Wednesday, August 20, 2008

News roundup

Rogen's high times on the set
Metromix talks with Judd Apatow
You famously had critical but not commercial success with your TV shows [“Freaks and Geeks” and “Undeclared”] and yet your movies have almost all been hits. Why do you think that happened?
Well in TV you’re a victim of marketing and scheduling. You’re dealing with a lot of flipped out executives who want a hit instantly and they have a lot of opinions. I never think that’s good for the work. If you tell them you disagree, they get mad at you and cancel your show. In film you can find the people who get what you do and it’s an easier collaboration. In television you can have a debate every week, on every episode, on every choice and that’s awful. Unless you have a big hit, you can tell them to hit the road. But I never had a big enough hit where I could ignore their calls.

Have you thought about doing a series for cable TV? It seems like the perfect medium for someone with your interest in characters.
In a way I just continue to make “Freaks and Geeks” episodes as movies. “Pineapple Express” is like a “Freaks and Geeks” episode from season five. You know, when I see a show like “Mad Men,” it makes me miss television because I like writing for the same people, obviously. I’m just making a lot of movies with the same people. Maybe one day.

Can you tell me a little about your next directorial project, “Funny People?"
It’s about a stand-up comedian who has a near death experience and it takes place in the comedy world but it’s not about comedy. It’s just an interesting texture to the movie that this experience happens to someone who is a comedian.

Are you pulling stuff from your own experiences in stand-up?
A little bit, it’s mainly fabricated. It’s more based on the feelings we all have and insecurities and neuroses that make any of us want to do this.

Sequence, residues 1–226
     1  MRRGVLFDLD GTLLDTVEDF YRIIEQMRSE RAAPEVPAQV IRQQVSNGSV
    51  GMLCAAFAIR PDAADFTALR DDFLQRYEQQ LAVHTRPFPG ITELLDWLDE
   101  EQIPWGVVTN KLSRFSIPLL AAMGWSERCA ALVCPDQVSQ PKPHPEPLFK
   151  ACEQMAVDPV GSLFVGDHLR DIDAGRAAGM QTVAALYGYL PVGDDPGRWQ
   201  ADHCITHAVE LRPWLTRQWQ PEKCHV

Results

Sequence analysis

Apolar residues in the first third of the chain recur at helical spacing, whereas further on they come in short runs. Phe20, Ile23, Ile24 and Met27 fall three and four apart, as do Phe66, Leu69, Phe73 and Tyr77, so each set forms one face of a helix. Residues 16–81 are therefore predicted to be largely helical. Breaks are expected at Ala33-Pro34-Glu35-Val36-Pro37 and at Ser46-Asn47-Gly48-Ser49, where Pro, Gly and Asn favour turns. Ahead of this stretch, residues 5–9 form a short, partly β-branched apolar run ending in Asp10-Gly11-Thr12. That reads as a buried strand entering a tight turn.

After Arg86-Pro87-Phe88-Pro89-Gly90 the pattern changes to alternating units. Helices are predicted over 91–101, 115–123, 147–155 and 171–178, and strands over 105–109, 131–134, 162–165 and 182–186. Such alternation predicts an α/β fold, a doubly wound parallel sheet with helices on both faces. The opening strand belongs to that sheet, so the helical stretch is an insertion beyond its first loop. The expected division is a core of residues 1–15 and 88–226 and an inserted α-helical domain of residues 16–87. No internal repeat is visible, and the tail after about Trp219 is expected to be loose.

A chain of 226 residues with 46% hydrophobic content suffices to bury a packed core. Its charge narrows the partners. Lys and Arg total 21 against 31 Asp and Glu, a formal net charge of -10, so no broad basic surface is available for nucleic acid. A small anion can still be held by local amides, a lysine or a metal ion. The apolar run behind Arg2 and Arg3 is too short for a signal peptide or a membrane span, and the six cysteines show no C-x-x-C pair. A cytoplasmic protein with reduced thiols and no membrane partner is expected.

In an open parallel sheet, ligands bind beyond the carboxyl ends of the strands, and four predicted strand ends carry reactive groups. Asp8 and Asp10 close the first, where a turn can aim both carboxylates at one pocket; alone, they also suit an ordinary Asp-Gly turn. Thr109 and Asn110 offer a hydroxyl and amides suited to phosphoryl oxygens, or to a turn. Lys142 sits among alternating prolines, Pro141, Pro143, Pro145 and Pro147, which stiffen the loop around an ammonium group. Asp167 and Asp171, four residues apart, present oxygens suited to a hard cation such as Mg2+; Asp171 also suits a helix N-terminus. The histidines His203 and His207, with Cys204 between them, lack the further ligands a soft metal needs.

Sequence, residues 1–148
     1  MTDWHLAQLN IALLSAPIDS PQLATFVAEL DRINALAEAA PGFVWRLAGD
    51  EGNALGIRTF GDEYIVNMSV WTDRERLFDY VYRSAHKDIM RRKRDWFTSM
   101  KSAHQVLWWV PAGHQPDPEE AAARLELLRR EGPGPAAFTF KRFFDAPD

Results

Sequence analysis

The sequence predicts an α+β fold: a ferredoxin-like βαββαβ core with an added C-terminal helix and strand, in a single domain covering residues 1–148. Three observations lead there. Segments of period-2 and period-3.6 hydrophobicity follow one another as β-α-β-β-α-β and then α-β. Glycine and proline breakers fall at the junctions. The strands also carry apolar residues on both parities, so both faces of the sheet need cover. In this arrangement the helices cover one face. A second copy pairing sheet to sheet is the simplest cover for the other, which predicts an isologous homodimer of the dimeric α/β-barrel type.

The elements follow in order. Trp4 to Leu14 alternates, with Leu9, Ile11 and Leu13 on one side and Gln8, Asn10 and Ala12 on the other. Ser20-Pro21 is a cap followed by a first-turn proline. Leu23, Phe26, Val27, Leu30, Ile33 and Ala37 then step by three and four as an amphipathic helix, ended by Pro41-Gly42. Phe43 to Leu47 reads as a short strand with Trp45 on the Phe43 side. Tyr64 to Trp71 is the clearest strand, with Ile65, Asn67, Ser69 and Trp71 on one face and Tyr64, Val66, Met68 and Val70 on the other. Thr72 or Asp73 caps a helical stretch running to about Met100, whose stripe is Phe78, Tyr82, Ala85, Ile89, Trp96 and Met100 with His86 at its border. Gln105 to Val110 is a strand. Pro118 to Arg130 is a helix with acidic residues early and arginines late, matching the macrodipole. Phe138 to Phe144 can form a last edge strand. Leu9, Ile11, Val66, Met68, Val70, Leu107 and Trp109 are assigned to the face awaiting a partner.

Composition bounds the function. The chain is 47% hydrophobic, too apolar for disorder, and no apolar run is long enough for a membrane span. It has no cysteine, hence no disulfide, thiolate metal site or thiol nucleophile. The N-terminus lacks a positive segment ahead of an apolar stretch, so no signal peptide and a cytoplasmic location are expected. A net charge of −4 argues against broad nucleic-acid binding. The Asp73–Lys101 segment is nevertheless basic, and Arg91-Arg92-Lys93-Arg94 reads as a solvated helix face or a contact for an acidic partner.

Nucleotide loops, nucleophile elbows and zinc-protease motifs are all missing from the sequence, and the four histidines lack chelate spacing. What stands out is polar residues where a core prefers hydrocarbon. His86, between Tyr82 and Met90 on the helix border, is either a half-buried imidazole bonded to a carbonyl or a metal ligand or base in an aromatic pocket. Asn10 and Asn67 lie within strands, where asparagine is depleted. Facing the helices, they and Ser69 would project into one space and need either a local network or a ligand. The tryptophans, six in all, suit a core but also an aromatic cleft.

SuperBad, meet Pineapple Express. Pineapple Express, meet SuperBad. That would be an interesting crossover!

While campaigning for John McCain, Senator Joe Lieberman has been busy donating to the DSCC.
Lieberman, a former Democratic vice presidential nominee, donated $115,000 to the Democratic Senatorial Campaign Committee this year, matching what he contributed to the political arm of the Senate Democratic Caucus in 2007, Lieberman's spokesman confirms to CNN.

Since leaving the Democratic Party in 2006 - Lieberman supporters have said the party left him - the Connecticut senator has crafted a new identity as an Independent Democrat. He is a prominent campaign surrogate for presumptive Republican nominee McCain, but still included in the Democratic head count that gives them a majority in the Senate by the slimmest of margins — one vote.

In turn, Lieberman chairs the Homeland Security and Governmental Affairs Committee — a powerful perch with wide jurisdiction over the Bush administration.

"Senator Lieberman supports both Democrats and Republicans, and he gave to the committee as a senior member of the caucus," Marshall Wittmann, Lieberman's spokesman, said Friday.
Why you won't hear certain people voicing their movie characters in The Clone Wars...
“When we decided to do the feature, we went back to the actors and said, ‘Look, we’re doing a feature. Would you like to do the voice? Could you come in a month?’ Some of them were all over the world. It was hard to get all the actors that would be off on set,” Lucas told reporters at a press conference last week. “You need people available every week. [Also] you can’t really afford multi-million dollar actors to do a television series. Those guys make more during their coffee break.”[...]

“It used to be in animation you just had [unknown] actors do the parts. The idea of hiring a really good actor – Tom Hanks [for instance] – was a really revolutionary idea,” Lucas said. “Partly they did it because they were great actors, partly they did it cause they wanted to use them for publicity. To be very honest with you, I don’t really think I need to hire a big movie star to publicize my movie. I don’t need Angelina Jolie here. That’s what it comes down to in the end. They have two days in the studio and then they have like two weeks doing press. They are mainly paid for the press stuff.”
In baseball news, Jason Isringhausen's career is likely finished.

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